Statement by Senator Chuck Grassley of Iowa
Senate Judiciary Committee
Protecting and Promoting Music Creation for the 21st Century
May 15, 2018
morning. Thank you for coming to our hearing on music policy and legislation to
improve the current music licensing framework. Today, industry stakeholders and
artists will testify about how to protect and promote music creation for the
21st century. We’re fortunate to have three talented artists on the panel, and
several more in our audience. I extend a warm welcome to everyone.
nation’s copyright laws have helped to make the United States a tremendous
force of creativity and artistry in the music world. The exclusive rights and
protections that our copyright laws grant are the foundation upon which
American creators and artists stand and thrive.
important that singers, songwriters, musicians, technical engineers, producers,
and all the men and women who support the creativity and artistry behind
American music, be rewarded for their efforts and incentivized to continue
producing their invaluable work.
enriches our lives and inspires our world. Every one of us has had a special
song that’s touched our heart, or linked to a fond memory. The magic of music
has always been and will never change. But the way people enjoy and listen to
their music has evolved. Times have changed from the days when people couldn’t
wait to get to their local record store and purchase their favorite album.
Today, many stream their favorite music using services like Amazon, Spotify,
Pandora, and Apple Music. Music lovers can access their favorite songs anywhere
and anytime on a variety of devices.
critical is that consumers are able to access their music legally, and that our
laws do not thwart people’s ability to legally enjoy their music and for
artists to be compensated for their creativity.
the music industry has continued to adapt to reflect technological developments
and changes in consumer preferences, the licensing framework which governs the
music industry has not. Instead, the law has attempted to play catch-up as the
industry has changed, resulting in a patchwork of music copyright and licensing
laws that have often fallen short.
current statutory scheme applies inconsistent rules that place certain
technologies at a disadvantage and result in inequitable compensation variances
for music creators. Music copyright and licensing laws have been criticized for
being too difficult to comply with, and for not adequately rewarding the
artists and professionals who create American music.
been a lot of discussion on how to improve the music licensing and copyright
regime to the benefit of the stakeholders involved in the creation and
distribution of music. In the House of Representatives, Judiciary Committee
Chairman Goodlatte held a number of hearings on copyright issues, including
those affecting the music industry. We collaborated with many interested
parties, copyright experts and the Copyright Office, to find a path forward on
music licensing. Multiple bills were introduced in both the House and Senate.
But songwriters, artists, publishers, producers and distributors, have
coalesced around three bills introduced in both the House and Senate.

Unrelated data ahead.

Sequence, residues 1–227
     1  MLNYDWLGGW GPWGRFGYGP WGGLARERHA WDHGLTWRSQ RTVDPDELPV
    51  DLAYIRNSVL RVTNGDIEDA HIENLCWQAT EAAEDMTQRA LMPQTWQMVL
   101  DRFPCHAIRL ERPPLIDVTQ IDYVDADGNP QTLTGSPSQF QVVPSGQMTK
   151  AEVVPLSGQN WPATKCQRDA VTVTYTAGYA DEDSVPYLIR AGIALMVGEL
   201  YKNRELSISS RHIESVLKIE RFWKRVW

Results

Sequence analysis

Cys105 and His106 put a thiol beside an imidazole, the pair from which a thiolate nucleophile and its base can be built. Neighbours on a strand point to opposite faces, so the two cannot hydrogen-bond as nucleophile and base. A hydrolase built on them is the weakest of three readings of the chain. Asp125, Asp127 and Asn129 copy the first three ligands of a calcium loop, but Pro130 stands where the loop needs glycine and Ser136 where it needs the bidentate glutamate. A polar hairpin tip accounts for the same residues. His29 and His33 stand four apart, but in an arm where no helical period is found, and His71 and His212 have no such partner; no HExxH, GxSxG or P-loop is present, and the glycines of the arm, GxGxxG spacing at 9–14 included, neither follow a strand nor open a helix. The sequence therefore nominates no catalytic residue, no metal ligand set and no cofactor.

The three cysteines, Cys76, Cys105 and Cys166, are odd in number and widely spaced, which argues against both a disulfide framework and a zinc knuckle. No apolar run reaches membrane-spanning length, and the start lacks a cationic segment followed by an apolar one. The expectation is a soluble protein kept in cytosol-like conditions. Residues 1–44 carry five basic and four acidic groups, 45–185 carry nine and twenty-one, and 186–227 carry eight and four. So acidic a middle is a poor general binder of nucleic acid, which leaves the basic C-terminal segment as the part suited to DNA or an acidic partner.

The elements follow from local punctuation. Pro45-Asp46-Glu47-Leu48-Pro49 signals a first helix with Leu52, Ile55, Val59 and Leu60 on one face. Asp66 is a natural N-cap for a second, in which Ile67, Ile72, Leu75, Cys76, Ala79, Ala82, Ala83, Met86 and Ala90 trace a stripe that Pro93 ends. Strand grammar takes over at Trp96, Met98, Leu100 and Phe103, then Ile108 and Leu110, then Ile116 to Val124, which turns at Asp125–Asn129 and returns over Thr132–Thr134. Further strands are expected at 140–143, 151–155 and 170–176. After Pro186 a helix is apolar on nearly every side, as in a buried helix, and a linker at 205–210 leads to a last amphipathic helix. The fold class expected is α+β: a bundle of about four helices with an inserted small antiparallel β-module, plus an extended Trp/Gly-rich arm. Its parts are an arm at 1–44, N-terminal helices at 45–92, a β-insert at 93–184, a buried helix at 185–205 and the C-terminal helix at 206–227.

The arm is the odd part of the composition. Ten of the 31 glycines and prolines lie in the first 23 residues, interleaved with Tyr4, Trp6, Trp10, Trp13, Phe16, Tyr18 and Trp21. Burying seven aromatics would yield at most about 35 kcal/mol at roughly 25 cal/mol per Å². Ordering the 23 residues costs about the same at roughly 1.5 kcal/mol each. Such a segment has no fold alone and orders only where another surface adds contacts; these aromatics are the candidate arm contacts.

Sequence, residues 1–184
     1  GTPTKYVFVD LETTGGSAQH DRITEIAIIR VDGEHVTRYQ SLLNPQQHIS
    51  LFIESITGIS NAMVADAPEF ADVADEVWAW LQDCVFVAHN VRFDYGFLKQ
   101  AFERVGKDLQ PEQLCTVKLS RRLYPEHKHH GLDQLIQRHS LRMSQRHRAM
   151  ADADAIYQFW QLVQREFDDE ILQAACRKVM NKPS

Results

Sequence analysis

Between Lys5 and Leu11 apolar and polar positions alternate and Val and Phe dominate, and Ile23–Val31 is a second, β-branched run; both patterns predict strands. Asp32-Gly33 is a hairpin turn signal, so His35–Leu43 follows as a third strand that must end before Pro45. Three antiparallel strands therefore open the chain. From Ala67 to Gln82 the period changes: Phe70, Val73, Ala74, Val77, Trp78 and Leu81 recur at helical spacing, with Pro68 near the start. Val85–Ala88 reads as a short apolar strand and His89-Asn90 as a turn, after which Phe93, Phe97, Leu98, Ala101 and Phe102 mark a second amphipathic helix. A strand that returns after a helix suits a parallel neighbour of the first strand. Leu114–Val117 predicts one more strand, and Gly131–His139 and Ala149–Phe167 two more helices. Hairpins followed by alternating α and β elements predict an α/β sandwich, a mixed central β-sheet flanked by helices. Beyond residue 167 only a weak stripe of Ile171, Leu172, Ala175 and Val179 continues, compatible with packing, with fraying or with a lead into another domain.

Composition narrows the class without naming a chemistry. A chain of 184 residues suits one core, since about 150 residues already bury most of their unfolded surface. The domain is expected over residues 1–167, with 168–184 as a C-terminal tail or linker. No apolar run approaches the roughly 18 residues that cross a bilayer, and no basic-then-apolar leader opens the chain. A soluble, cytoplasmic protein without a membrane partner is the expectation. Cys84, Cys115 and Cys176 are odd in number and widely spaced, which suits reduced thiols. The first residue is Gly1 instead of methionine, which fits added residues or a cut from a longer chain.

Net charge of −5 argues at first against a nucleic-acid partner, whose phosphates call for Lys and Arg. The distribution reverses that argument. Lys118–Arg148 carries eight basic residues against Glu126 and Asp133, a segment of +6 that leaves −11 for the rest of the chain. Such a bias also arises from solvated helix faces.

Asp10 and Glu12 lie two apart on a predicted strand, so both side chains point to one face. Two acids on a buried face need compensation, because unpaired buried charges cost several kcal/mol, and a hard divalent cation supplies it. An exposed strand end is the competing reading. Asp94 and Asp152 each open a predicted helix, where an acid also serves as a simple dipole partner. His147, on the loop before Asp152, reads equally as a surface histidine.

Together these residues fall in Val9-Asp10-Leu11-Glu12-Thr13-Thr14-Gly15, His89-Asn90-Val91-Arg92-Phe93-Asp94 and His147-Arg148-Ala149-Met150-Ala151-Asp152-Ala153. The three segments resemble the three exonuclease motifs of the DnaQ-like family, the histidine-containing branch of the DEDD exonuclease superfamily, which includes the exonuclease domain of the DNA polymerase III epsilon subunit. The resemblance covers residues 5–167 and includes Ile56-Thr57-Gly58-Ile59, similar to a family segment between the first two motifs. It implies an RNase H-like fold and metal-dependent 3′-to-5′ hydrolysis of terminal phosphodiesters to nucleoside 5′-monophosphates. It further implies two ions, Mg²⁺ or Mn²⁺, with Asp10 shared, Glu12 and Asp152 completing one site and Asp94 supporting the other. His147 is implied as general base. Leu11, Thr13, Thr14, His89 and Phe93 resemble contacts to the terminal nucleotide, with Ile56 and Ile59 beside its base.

bills are: 1) the Music Modernization Act, which among other things, would
create a mechanical licensing collective for all digital music, so that
streaming entities can find and compensate artists for their work; 2) the
CLASSICS Act, which would add copyright protection for pre-1972 sound
recordings; and 3) the AMP Act, which would allow for the payment of
performance royalties to producers, mixers and sound engineers of sound
Judiciary Chairman Goodlatte combined these three bills into one package, H.R.
5447, the Music Modernization Act, and was able to successfully shepherd the
comprehensive bill through the House of Representatives with an overwhelming
vote of 415-0.
in the Senate, Senator Hatch has introduced S. 2823, which contains identical
text to H.R. 5447. That bill currently has 17 cosponsors, including myself. And
that’s where we are today.
lot of hard work went into crafting and negotiating these three bills that were
combined into the comprehensive package, after which there was more negotiation
and compromise resulting in the present text of S. 2823. We’ve tried to reach a
consensus on what will work best for the music industry. Some concerns remain.
That’s natural. I’m hopeful that we can resolve outstanding concerns. But I
think that the 415-0 vote in the House is instructive on how much support there
importantly, the package is supported by music stakeholders on both sides, by
digital service providers as well as by music creators. They’ve coalesced
around the comprehensive bill. I’m encouraged by the momentum behind this
unified package and the possibility of Congress finally passing meaningful
reform in this area.
we’ll hear from a diverse panel of witnesses, including some very talented
singers and songwriters. Mr. Robinson, what a pleasure having a legend such as
yourself on the panel. Mr. Roberts and Mr. Kear, we’re so pleased to have you
here too. And let me mention Mary Wilson of the Supremes, Dionne Warwick, Darlene
Love, and Karla Redding, Otis Redding’s daughter, who are in the audience and
supportive of this effort. We don’t often have so much artistic talent in the
room, so we’re really lucky to have you all here.
look forward to hearing from our panelists about how the music licensing system
works for creators and users, whether the legislation we have before us will
help address problems, and whether there are issues or concerns that we should
licensing issues are ripe for reform, and it’s my sincere hope that today’s
discussion will start our process of moving this legislation forward here in